First things first: Hollywood Hack Day rocked!
Rahim Sonawalla, Ryan Chisholm, and Abe Burns have truly created a premiere hacking event in Los Angeles. Kudos to them.
I had my doubts about the LA developer scene, but was quickly convinced otherwise. Just look at all the great hacks developed over the weekend.
io/LA also proved that their space is made for this shit. I really hope some of the winners utilize their free month here so I can pick their brains. I’m looking at you Travis Chen.
So, what’d I build?
- Spectrogr.am 2
- Call Drops
Chris Jahnle  and I sought out to make Spectrogr.am more social and get completely smashed two nights in a row. I think we succeeded at the latter a bit more, but the hack turned out nicely as well…
The spectrum analysis algorithm was completely re-written and we pulled in SoundCloud comments and commenting to add a nice social layer. I’ll talk about this hack a bit more once I iron out the bugs and deploy it, but I really wanted to publicly thank Chris for his math-fu skills:
You rock dude. And, that 1am Thai food was the smartest decision we made all weekend.
With only a few hours of the competition remaining on Sunday, I had a wave of inspiration (or insanity) fueled by the perfect combination of dehydration  and Chipotle.
I wanted to build a real-time call visualization using Twilio and Node.JS. Since the amount of calls would drive the viz and could get chaotic quickly, I decided to visualize something organic: rain drops. I fired up the Hipster Stack and got to work.
I began by creating a rain drop shape in CSS:
border-radius: 100%; border-top-right-radius: 0; height: 20px; transform: rotate(-45deg); width: 20px;
Then I wrote a water ring animation utilizing the CSS3
transform property. Finally, I tied this all together with some basic jQuery to drive the random drop creation and animate the falling motion. In a few minutes, my browser was filled with random little rain drops. I literally made it rain.
Accepting calls with Twilio is as easy as setting up an account and creating a basic TwiML responder. I then used Pusher to notify my client-side app each time a call came in on the server. Which translates into “each call created a rain drop.”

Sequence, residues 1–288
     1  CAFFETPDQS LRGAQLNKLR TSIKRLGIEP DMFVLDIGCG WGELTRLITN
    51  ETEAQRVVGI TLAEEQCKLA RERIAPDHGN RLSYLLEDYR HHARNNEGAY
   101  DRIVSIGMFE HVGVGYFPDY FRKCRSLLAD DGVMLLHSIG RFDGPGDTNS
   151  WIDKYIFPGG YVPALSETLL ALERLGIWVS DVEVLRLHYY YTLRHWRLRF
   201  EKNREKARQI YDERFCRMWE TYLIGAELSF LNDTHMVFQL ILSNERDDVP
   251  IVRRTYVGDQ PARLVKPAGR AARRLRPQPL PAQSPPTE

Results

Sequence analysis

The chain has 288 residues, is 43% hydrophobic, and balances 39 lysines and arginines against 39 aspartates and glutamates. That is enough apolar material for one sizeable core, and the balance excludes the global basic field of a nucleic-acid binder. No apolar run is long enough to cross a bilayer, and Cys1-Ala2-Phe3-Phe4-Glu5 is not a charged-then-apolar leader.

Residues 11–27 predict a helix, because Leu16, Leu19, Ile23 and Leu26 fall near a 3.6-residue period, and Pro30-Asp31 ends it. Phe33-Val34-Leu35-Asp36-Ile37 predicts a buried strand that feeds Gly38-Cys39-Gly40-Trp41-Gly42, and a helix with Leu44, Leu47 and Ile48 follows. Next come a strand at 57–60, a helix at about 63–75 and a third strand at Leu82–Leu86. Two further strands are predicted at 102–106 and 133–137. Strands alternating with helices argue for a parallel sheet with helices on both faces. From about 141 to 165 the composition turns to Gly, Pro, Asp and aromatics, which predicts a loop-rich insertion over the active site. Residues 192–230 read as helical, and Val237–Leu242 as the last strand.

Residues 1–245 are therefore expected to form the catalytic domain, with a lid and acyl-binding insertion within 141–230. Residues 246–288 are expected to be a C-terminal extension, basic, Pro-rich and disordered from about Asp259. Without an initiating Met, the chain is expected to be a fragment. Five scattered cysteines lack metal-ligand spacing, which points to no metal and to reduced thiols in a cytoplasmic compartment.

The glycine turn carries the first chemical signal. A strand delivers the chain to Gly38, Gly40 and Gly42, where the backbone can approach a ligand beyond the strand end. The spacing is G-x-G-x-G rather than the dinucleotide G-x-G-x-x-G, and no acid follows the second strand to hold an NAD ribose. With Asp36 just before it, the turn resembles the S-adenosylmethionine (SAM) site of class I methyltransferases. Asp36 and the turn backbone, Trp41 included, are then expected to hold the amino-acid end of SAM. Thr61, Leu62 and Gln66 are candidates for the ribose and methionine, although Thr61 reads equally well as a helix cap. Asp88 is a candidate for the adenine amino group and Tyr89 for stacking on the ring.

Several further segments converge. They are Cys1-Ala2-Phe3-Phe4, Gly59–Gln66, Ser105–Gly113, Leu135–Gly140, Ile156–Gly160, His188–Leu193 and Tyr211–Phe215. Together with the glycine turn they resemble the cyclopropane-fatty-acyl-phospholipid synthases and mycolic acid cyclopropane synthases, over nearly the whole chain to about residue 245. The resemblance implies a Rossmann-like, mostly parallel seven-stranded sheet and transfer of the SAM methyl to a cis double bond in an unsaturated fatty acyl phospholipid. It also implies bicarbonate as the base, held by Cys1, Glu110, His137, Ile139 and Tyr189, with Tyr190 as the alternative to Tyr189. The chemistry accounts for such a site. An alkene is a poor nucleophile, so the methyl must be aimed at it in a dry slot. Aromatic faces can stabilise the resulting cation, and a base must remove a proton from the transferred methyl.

Rad. But, it was missing something…
What if callers could record themselves making a rain drop sound and then the hack played that sound when the drop fell?
Adjusting the TwiML was simple:
<Response> <Say>At the tone, make a rain drop sound.</Say> <Record action='/drop' method='POST' maxLength='3'/> </Response>
Then, I adjusted the server-side Pusher code to include the received Twilio recording URL in its post back to my client-side app.
I had to wrack my brain a bit to get the Twilio recordings to play nicely with SoundManager2, but here’s the three main gotchas:
- Make sure
- Add “.wav” to the end of the recording URL
- Load the audio before creating the drop
With all the technology in place, I went ahead and cleaned up my code then added some quick pretty to the UI. The hack itself took less than two hours to complete, and I’m damn pleased with it.
Elmer Thomas took a nice video of the presentation, but you should just try it out yourself by going to bit.ly/calldrops, dialing 1-323-419-0002, and making a rain drop sound. May I suggest: “Bloop”
I can’t wait to use this technique in a more practical way at some point. And, I definitely can’t wait for the next Hollywood Hack Day.
 Chris is an online marketer at The Collective and an all around nice guy.
 The previous night’s bar crawl: Power House > Five-0-Four > Velvet Margarita > Frolic Room.